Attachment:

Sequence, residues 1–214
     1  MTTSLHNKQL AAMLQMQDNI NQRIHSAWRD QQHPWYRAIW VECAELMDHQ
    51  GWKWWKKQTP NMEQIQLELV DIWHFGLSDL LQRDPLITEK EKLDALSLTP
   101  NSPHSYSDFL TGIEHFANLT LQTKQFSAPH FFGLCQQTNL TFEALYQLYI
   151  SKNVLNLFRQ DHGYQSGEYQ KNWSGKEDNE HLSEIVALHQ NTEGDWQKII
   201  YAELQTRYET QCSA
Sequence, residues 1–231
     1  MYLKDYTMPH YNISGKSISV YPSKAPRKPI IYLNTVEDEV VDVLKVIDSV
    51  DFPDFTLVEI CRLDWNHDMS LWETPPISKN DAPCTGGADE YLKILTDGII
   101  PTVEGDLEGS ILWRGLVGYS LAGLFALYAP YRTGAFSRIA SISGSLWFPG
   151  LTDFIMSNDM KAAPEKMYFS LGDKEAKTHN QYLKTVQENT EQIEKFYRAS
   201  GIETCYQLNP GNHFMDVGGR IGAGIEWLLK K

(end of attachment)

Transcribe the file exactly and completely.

Sequence, residues 1–214
     1  MTTSLHNKQL AAMLQMQDNI NQRIHSAWRD QQHPWYRAIW VECAELMDHQ
    51  GWKWWKKQTP NMEQIQLELV DIWHFGLSDL LQRDPLITEK EKLDALSLTP
   101  NSPHSYSDFL TGIEHFANLT LQTKQFSAPH FFGLCQQTNL TFEALYQLYI
   151  SKNVLNLFRQ DHGYQSGEYQ KNWSGKEDNE HLSEIVALHQ NTEGDWQKII
   201  YAELQTRYET QCSA
Sequence, residues 1–231
     1  MYLKDYTMPH YNISGKSISV YPSKAPRKPI IYLNTVEDEV VDVLKVIDSV
    51  DFPDFTLVEI CRLDWNHDMS LWETPPISKN DAPCTGGADE YLKILTDGII
   101  PTVEGDLEGS ILWRGLVGYS LAGLFALYAP YRTGAFSRIA SISGSLWFPG
   151  LTDFIMSNDM KAAPEKMYFS LGDKEAKTHN QYLKTVQENT EQIEKFYRAS
   201  GIETCYQLNP GNHFMDVGGR IGAGIEWLLK K